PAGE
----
But the most visceral effort to accuse the incumbent of abandonment of his state’s conservative traditions has been the now-famous incident on Easter Sunday when a “constitutional conservative” blogger took pictures of Cochran’s long-afflicted wife in a nursing facility, and was subsequently arrested for “exploitation of a vulnerable adult” after a post (quickly taken down, reportedly at the request of McDaniel’s campaign) appeared with the images linked to claims Cochran had abandoned his wife for the high life of Washington. Three other men with ties to the McDaniel campaign and/or tea party groups were subsequently arrested for criminal conspiracy in the case.
Why were these men engaged in a stunt this despicable and stupid? Josh Marshall connected the dots last week:
Whether or not McDaniel had any role in this, his campaign has clearly been sending out a lot of opposition research in the last couple weeks trying to portray Cochran as someone who doesn’t really live in Mississippi any more and might be carrying on a relationship with a longtime member of his staff. No evidence at all has surfaced for the latter charge. But it was clearly the subtext of this story that appeared earlier this month at Breitbart.com.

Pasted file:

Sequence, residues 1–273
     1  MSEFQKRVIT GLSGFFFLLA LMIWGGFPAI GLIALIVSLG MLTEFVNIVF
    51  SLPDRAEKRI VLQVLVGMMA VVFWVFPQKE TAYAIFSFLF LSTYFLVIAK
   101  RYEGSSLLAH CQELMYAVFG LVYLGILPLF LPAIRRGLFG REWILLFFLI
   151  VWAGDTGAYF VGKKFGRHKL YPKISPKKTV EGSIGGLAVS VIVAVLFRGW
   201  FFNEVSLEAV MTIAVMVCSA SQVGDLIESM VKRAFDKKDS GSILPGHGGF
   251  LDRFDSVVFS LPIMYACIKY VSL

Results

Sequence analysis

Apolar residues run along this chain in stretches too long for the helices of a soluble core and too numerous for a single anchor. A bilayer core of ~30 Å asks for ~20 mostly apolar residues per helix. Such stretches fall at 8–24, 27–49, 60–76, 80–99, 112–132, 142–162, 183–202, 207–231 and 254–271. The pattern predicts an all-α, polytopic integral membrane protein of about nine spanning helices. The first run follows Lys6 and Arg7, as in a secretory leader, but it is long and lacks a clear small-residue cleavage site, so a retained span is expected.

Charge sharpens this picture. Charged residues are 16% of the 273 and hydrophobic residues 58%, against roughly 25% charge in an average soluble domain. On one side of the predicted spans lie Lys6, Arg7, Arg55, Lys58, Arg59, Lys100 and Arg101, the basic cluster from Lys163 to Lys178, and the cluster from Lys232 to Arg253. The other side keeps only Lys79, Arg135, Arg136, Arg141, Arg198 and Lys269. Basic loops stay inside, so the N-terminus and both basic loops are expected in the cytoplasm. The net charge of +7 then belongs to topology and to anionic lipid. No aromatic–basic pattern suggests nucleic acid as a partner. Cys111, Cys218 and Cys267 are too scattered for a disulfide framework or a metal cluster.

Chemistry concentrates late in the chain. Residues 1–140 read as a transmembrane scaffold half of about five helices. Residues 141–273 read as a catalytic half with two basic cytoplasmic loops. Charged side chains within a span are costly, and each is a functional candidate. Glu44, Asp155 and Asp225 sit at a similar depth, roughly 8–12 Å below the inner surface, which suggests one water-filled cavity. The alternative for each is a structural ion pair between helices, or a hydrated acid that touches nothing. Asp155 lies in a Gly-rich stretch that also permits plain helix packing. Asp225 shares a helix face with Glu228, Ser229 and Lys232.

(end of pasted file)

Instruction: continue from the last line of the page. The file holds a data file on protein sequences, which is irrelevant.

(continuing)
So, as near as I can figure it, the effort to photograph or video Mrs. Cochran was part of building or putting an exclamation point after this narrative about Cochran, which very much was coming out of the McDaniel campaign. And that’s of an out of touch Senator who’s not only abandoned his home state but more cuttingly abandoned his wife.
What kind of politician would do this sort of thing? A Scalawag, of course, whose genteel Grandee habits had given way to something sinister and most definitely non-Mississippian.
It’s hard to tell how the primary will turn out. The most recent public poll, commissioned by Citizens United, which is backing McDaniel, showed the challenger ahead 43-39 — but that was before the incident involving Rose Cochran broke into the news.
Voter reaction to that incident could go in different directions. Will Mississippi Republican primary voters view Cochran as a genteel Grandee whose ailing wife is being exploited by low-road fanatics? Or will they, like the perpetrators of the stunt hope they will, see Rose Cochran as a metaphor for the spurned magnolia of Mississippi conservatism that her Scalawag husband has abandoned for the bright lights and liberal media approbation of a godless Washington? We’ll find out next week.
Ed Kilgore is the principal blogger for Washington Monthly’s Political Animal blog, Managing Editor of The Democratic Strategist, and a Senior Fellow at theProgressive Policy Institute. Earlier he worked for three governors and a U.S. Senator. He can be followed on Twitter at @ed_kilgore.